Female boxers enter male-dominated sport, crush stereotypes

Abby Waetcher | Staff Writer

 Women are putting on boxing gloves and throwing themselves into the ring. 

Sixty years ago, whenever boxing was mentioned, the vast majority of the public would think of Muhammad Ali and his triumphs over his hundreds of opponents. Twenty years ago, Mike Tyson was the most notable boxer. 

Now, when people hear the word boxing they tend to conjure an image of a heavy-set, fake-tanned, muscular male figure. Over the years, however, more and more women have entered the high-intensity practice. 

Boxing offers a workout that works in multiple different areas of the body. The ‘swinging motion’ of the arms moves the muscles within them as well as the shoulders and the muscles in the upper back, which increases upper-body strength. Boxing is also an aerobic exercise that offers a high-calorie-burning workout and ultimately increases stamina. It also increases hand-eye coordination as well as challenges the balance. Junior Sydney Richards said that boxing offered her an alternative way to help strengthen her shoulders during her off-seasons. 

“When I am not swimming, I need a way to help strengthen my shoulders again,” Richards said. “Boxing offers me a workout similar to the intensity of swimming and a way to help strengthen my scapula again.” 

There are many different types of boxing that can be altered or designed for the boxer’s specific needs. Junior Isabella Diaz participates in a special type of boxing that involves the incorporation of an additional move: kicking. 

Kickboxing uses the same movements as boxing while incorporating kicking into the fold. Kickboxers will alternate between punches and kicks to accomplish a full-body workout. Diaz said that kickboxing allows her to work out in a way that allows her to work different parts of her body while also serving as a stress reliever.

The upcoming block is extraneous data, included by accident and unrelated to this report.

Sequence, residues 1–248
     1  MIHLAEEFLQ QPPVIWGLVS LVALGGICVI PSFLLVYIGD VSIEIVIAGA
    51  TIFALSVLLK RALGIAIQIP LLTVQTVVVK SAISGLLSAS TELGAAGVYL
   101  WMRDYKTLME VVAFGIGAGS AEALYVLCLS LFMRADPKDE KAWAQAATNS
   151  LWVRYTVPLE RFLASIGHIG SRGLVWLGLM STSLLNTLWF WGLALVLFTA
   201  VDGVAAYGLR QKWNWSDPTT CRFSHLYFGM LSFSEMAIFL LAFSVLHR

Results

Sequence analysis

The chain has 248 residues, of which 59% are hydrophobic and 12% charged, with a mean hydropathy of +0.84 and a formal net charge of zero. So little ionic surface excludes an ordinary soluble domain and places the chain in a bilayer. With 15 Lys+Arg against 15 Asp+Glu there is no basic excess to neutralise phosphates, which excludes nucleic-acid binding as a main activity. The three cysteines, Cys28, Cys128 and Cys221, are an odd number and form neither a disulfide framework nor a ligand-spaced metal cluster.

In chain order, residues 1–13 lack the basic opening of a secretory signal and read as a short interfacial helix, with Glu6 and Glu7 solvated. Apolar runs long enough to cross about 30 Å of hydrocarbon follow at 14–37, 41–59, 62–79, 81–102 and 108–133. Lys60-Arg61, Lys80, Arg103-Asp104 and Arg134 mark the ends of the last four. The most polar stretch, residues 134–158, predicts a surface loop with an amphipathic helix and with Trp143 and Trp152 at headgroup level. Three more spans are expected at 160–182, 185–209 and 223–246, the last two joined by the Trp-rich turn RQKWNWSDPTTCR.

“Kickboxing is a great physical workout for me and it is also a way to make me feel good about myself,” Diaz said. “It’s also my way of letting stressful things out in a controlled environment where I can’t hurt anyone.”

Although choir teacher Katie Hayward is 32 weeks pregnant and her boxing practices have been put on a temporary hold, she said that boxing helps her feel more confident in herself and helps her cope with stressful experiences. 

“There are times when I go [to] boxing stressed about school or something else, and I’ll always feel better afterward,” Hayward said. “Part of that relief is just the general benefit of moving my body, and some of the relief comes from the fact that I get to hit the mitts hard. There is just something inherently satisfying about that.”

Most people are shocked when they find out that girls box because their presumed body types are not often associated with the stereotypical hypermasculine and domineering boxers often seen on television. However, because boxing is tailored to every person differently, anyone despite their age, size, and gender is capable of boxing. Richards said that she feels that people often characterize boxers as aggressive people when in reality, this notion is a myth. 

“People are always surprised to hear that I box because it’s always been thought of as an aggressive sport,” Richards said. “I’m not an aggressive person and would never punch a person, but people always think that boxers are intimidating people and we’re not.” 

Over time, women are crushing the assumption that boxing gyms are typically packed with men as more women fill the programs every week. Hayward, Richards, and Diaz said that they have seen more women experiment with boxing at their gyms; as a result, more and more women have been using boxing as their primary way to exercise. 

Hayward said that while her gym is primarily made up of women, the community that they have built within their program encourages everyone regardless of their skill to work as hard as they can to get better at the sport they love. 

“Seventy-five percent of the boxers in my gym are women,” Hayward said. “The rest are kids: boys and girls who are typically younger around ten to eighteen. All of us are super normal human beings that don’t resemble bodybuilders at all, but we are all strong people working to become better athletes.” 

Photo by Abby Waetcher